Explanatory frameworks and managing randomness

Journal of Medical Ethics 46 (8):493-494 (2020)
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Epidemics, the medical historian Charles Rosenberg argued, typically have four Acts, as in a play. In Act I, which he termed ‘Progressive revelation’, ‘merchants’, ‘municipal authorities’ and ‘the complacency of ordinary men and women’, alike are reluctant to acknowledge an epidemic because of its threat to their ‘economic and institutional interests’ and to ‘their accustomed way of doing things’: gradually however, ‘inexorably accumulating deaths and sicknesses’ bring ‘ultimate, if unwilling, recognition’. In Act II, ‘Managing randomness’, ‘collective agreement’ is sought on an ‘explanatory framework’ to manage the epidemic’s ‘dismaying arbitrariness’. Such frameworks, in previous centuries mainly religious, are now more ‘secular and mechanistic’, but again also moral and social: explanation for example of the ‘differential susceptibility of particular individuals’ is sought in terms of ‘risk-enhancing behaviour’ and ‘style of life’, but also of environmental and social factors, such as ‘residence and occupation’, providing ‘a vehicle for social criticism as well as a rationale for social control’. In Act III, ‘Negotiating public response’, pressure is generated for ‘decisive and visible community response’, often taking the form of ‘collective rites integrating cognitive and emotional elements’. Such rites, including not only ‘the imposition of a quarantine’ and ‘procedures to cleanse and disinfect’, but also religious, or now more often moral or social rituals, afford ‘the reassurance of familiar frames of explanation and logically consequent policies that provide both meaning and the promise of efficacy’. Finally, In Act IV, ‘Subsidence and retrospection’, ‘incidence of the disease gradually declines’, and questions are raised ‘for retrospective moral judgement’ about ‘what “lasting impact” particular incidents have had and what “lessons” have been learnt. Have the dead died in vain? Has a heedless society reverted to its accustomed ways of doing things as soon as denial became once more a …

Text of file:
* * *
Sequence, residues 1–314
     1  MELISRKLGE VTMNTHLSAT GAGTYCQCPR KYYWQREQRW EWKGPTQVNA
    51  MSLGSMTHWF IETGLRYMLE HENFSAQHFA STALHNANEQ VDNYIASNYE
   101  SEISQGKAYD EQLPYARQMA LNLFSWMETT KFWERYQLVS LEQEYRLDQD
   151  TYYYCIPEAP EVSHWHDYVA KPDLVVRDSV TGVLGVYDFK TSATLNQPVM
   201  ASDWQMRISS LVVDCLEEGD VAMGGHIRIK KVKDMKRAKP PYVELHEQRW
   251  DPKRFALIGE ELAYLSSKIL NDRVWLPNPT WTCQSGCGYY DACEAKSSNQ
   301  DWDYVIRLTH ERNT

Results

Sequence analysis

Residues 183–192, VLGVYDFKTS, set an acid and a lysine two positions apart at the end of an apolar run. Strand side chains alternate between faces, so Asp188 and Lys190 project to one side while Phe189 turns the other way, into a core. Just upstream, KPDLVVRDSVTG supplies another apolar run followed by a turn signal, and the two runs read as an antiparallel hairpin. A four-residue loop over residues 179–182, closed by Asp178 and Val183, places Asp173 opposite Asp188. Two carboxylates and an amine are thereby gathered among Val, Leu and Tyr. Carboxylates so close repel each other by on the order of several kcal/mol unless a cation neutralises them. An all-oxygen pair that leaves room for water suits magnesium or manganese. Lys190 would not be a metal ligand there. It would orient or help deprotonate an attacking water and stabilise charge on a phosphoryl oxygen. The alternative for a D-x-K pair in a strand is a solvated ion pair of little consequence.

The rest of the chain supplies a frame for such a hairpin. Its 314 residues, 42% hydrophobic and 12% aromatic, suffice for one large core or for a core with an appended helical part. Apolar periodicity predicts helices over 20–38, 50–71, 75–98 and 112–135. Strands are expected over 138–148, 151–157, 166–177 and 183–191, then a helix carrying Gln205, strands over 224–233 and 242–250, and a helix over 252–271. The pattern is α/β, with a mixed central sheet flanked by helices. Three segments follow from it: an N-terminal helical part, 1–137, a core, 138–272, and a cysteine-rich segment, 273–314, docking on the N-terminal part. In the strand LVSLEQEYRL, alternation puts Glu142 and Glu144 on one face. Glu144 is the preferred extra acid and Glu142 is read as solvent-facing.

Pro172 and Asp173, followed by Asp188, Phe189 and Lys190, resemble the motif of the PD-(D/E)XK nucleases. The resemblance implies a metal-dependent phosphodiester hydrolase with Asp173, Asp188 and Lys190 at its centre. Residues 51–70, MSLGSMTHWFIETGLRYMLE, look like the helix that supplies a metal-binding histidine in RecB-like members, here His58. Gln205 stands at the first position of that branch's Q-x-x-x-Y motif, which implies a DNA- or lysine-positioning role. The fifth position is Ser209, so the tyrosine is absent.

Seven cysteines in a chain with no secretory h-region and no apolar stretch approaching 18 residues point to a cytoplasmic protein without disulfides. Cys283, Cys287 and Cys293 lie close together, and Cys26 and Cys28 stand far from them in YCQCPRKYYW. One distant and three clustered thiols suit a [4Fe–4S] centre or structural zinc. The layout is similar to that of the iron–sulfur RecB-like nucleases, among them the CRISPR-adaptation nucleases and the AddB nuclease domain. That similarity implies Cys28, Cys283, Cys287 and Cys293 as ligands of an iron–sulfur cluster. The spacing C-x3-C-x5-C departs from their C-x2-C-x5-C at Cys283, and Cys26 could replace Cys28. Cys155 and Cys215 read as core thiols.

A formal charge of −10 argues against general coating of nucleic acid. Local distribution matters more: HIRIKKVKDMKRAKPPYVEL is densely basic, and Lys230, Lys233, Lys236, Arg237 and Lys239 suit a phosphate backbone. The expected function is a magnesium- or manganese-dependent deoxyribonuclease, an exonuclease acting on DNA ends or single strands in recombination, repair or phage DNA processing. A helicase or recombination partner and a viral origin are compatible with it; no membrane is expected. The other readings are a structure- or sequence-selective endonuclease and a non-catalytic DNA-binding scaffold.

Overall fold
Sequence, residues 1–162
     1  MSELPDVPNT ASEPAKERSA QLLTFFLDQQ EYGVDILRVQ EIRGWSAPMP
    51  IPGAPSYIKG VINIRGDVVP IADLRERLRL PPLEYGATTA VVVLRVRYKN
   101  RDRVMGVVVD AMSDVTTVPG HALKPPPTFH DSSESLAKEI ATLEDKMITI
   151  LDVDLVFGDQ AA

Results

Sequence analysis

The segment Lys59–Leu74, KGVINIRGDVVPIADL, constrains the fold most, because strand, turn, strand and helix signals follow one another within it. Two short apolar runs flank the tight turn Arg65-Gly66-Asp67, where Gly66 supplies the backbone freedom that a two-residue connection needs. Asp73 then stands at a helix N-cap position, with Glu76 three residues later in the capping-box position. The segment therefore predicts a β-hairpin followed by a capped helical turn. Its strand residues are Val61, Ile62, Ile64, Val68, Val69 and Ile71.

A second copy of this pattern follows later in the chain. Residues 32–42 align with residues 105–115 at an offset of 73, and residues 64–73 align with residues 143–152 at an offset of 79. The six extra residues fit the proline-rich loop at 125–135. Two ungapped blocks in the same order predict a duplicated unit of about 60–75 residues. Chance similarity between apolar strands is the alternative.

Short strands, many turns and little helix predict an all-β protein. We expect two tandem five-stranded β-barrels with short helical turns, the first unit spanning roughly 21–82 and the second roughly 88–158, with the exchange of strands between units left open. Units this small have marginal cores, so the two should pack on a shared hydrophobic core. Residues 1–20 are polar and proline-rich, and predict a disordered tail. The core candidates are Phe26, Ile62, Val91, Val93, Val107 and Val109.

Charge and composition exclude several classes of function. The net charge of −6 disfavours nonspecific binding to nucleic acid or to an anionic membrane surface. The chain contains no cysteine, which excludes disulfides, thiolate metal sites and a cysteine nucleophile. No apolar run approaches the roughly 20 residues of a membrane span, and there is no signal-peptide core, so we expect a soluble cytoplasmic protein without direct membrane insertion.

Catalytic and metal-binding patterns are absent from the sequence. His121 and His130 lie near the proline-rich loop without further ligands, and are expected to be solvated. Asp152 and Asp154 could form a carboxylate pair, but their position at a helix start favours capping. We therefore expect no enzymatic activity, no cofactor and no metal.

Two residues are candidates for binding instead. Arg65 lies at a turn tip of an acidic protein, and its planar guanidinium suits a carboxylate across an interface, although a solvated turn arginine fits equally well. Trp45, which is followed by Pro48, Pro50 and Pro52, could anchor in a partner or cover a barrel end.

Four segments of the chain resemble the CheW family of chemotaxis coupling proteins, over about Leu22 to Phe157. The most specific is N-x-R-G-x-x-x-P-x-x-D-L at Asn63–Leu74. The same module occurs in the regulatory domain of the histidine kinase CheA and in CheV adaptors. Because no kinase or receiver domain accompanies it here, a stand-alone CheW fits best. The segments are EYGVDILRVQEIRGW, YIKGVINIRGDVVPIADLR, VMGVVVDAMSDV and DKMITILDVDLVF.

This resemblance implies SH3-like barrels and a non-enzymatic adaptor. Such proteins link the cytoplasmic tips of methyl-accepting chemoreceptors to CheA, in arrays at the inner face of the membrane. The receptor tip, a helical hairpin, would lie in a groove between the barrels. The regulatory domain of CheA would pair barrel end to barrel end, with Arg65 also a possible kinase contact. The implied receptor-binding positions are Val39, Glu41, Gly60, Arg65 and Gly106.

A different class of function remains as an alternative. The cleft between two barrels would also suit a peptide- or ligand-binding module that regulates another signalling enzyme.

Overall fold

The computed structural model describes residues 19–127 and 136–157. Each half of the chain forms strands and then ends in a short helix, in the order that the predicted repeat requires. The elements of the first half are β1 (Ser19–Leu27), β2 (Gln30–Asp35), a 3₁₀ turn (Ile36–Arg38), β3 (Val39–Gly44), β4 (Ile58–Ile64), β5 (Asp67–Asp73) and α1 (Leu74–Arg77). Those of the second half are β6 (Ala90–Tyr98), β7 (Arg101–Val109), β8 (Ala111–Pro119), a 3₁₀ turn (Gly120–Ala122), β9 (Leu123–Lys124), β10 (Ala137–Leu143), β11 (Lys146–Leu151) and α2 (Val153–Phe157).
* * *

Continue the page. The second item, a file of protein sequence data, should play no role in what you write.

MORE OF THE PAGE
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Kenneth Boyd
University of Toronto, St. George Campus (PhD)

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